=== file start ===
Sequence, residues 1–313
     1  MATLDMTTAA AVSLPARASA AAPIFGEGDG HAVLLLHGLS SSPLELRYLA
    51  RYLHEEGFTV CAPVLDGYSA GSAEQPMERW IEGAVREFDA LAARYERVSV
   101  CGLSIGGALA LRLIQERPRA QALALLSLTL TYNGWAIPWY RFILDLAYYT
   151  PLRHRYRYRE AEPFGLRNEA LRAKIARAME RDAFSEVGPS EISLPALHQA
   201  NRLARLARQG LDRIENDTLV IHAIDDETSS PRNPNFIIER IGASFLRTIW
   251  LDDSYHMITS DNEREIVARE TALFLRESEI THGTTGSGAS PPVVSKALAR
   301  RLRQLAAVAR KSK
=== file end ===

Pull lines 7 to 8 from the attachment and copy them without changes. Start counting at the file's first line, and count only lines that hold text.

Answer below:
   251  LDDSYHMITS DNEREIVARE TALFLRESEI THGTTGSGAS PPVVSKALAR
   301  RLRQLAAVAR KSK